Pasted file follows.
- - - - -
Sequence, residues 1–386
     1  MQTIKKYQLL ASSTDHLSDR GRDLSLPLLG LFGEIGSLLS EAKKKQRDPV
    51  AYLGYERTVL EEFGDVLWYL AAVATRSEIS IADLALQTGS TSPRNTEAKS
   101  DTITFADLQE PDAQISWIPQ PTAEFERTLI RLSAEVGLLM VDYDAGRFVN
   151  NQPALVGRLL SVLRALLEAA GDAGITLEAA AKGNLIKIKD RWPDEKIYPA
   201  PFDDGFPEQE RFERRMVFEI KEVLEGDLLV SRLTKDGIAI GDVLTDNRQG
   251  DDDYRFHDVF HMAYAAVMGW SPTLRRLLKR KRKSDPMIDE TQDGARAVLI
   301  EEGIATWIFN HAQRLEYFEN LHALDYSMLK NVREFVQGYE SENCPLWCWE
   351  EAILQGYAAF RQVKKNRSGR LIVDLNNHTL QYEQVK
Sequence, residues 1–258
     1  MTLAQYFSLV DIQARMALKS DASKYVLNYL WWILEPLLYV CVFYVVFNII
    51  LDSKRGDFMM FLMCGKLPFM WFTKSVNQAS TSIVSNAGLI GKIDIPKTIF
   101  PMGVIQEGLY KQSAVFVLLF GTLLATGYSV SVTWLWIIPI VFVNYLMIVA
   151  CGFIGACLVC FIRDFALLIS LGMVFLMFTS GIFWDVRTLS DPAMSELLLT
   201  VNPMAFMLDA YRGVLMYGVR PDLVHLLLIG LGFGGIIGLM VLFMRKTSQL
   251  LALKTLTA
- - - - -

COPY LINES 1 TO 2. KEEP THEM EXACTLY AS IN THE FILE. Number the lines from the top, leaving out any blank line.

Sequence, residues 1–386
     1  MQTIKKYQLL ASSTDHLSDR GRDLSLPLLG LFGEIGSLLS EAKKKQRDPV